I’ve learned that foreign visitors not fluent in English are reluctant to approach the telescope.

I’ve spoken with many visitors from Belgium. [Are there any remaining at home to tend to the chocolate shops?] They largely speak our language very well and are very courteous. Today, I spoke with five Belgians who were very interested in the local sights, but also took great interest in me – we spoke for about 15 minutes and they seemed reluctant to leave. I finally moved on to other visitors, but the Belgians left me with good feelings about their country. We Americans would do well to emulate their conduct.

We had an afternoon shower around 3pm and an evening thunderstorm just after 9pm. I’m glad the evening storm held off until I returned to my tent from a Ranger campfire program about global warming and its direct effects on the Sierra Nevada. Once again, my REI Kingdom 4 has weathered the storms.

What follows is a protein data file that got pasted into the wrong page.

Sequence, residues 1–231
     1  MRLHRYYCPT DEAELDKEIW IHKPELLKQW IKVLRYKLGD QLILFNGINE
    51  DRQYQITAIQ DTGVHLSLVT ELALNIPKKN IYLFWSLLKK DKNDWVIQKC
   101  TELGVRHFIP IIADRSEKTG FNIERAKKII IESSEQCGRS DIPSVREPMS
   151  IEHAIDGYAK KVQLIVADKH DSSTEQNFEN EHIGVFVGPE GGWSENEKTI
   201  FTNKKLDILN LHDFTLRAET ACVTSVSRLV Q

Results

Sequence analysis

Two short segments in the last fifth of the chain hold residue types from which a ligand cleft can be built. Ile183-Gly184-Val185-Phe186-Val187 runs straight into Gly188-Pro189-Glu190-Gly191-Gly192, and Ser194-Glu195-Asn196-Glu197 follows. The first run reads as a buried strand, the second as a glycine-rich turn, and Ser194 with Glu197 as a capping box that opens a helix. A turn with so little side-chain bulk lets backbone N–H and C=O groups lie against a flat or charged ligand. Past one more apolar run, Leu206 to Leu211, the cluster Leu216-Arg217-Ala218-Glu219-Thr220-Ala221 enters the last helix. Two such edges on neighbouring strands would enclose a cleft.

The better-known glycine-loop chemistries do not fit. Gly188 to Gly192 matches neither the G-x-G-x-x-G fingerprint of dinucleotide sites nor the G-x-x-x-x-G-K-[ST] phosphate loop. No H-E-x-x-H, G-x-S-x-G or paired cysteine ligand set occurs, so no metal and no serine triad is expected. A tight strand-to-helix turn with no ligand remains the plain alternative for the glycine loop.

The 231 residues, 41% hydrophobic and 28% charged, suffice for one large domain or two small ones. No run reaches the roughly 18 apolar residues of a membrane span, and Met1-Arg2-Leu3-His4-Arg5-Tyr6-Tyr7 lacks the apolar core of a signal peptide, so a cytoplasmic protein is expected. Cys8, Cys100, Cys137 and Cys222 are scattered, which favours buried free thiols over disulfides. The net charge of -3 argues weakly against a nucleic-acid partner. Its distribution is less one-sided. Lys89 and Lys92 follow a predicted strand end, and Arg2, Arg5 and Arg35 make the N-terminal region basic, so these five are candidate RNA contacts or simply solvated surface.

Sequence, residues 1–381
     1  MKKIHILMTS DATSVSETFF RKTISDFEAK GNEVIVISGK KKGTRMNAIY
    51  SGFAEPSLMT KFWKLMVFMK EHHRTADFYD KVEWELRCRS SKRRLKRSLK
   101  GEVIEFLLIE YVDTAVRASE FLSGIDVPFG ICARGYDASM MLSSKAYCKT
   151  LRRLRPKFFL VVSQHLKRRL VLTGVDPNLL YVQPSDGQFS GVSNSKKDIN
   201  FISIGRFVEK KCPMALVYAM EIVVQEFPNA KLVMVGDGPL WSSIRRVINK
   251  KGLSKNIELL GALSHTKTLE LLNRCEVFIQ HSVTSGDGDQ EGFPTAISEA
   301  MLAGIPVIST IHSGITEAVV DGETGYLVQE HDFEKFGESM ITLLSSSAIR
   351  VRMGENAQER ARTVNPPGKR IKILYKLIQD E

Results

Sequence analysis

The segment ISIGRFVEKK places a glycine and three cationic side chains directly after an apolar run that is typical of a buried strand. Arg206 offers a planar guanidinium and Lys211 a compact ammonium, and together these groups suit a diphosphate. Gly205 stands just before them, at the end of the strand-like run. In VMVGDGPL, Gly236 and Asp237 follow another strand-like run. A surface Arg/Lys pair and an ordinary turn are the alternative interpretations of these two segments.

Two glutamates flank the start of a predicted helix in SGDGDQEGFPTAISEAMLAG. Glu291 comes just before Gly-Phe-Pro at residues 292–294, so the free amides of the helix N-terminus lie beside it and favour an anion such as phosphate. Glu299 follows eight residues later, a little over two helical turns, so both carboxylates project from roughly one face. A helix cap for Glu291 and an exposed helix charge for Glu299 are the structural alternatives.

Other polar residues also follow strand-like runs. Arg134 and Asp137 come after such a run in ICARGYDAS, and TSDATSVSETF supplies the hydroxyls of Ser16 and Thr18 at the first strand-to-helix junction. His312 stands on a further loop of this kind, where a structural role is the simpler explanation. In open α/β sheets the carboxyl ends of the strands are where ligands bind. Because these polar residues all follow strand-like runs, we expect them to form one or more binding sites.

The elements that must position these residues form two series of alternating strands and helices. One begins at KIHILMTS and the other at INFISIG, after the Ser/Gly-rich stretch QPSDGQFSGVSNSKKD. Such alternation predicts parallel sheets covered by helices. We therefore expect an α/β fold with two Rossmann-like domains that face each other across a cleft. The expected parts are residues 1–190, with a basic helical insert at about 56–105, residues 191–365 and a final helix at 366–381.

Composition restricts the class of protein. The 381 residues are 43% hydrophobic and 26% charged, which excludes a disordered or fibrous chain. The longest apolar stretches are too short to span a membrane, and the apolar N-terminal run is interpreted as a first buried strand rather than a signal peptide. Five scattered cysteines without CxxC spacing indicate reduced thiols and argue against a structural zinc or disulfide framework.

Visitors taking photos at Lower Yosemite Falls

Visitors taking photos at Lower Yosemite Falls

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This and several upcoming blog posts are about my recent month long visit to California and experiences in Yosemite National Park, where I served as a park volunteer.

iPhone pictures 215This being my last day off before returning to my volunteer stations, I wanted to get in a decent hike. Several years ago, I had tried this hike but found my navigational skills were not up to the challenge. I inferred from several conversations that a fellow volunteer, Cyndi, knew the trail.

We arrived at the trailhead (across Tioga Road from Murphy Creek parking and picnic tables) around 9:30 a.m. It turns out Cyndi had not hiked the trail previously so the question was whether two heads are better than one.